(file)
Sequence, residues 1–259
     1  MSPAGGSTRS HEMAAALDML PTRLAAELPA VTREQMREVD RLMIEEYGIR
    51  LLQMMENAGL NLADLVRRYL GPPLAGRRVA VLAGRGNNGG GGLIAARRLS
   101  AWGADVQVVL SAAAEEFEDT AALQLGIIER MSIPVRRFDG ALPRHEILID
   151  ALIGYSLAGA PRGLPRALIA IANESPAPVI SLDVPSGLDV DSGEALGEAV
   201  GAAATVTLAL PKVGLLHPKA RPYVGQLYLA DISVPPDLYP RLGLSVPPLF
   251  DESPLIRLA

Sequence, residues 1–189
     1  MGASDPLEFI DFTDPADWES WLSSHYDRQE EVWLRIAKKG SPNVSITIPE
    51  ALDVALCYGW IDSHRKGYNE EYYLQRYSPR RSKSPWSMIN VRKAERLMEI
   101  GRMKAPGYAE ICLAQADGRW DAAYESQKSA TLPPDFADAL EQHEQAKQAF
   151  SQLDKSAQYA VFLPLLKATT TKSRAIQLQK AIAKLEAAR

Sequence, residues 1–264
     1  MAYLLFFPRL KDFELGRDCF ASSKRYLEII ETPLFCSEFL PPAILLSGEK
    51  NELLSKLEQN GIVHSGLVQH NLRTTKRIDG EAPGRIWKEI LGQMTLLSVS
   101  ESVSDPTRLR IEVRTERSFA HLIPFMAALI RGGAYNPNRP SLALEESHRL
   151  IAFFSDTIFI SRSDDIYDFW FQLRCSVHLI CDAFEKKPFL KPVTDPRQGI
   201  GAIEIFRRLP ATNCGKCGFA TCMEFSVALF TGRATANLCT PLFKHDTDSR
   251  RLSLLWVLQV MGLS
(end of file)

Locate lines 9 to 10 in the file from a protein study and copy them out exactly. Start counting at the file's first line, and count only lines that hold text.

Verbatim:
     1  MGASDPLEFI DFTDPADWES WLSSHYDRQE EVWLRIAKKG SPNVSITIPE
    51  ALDVALCYGW IDSHRKGYNE EYYLQRYSPR RSKSPWSMIN VRKAERLMEI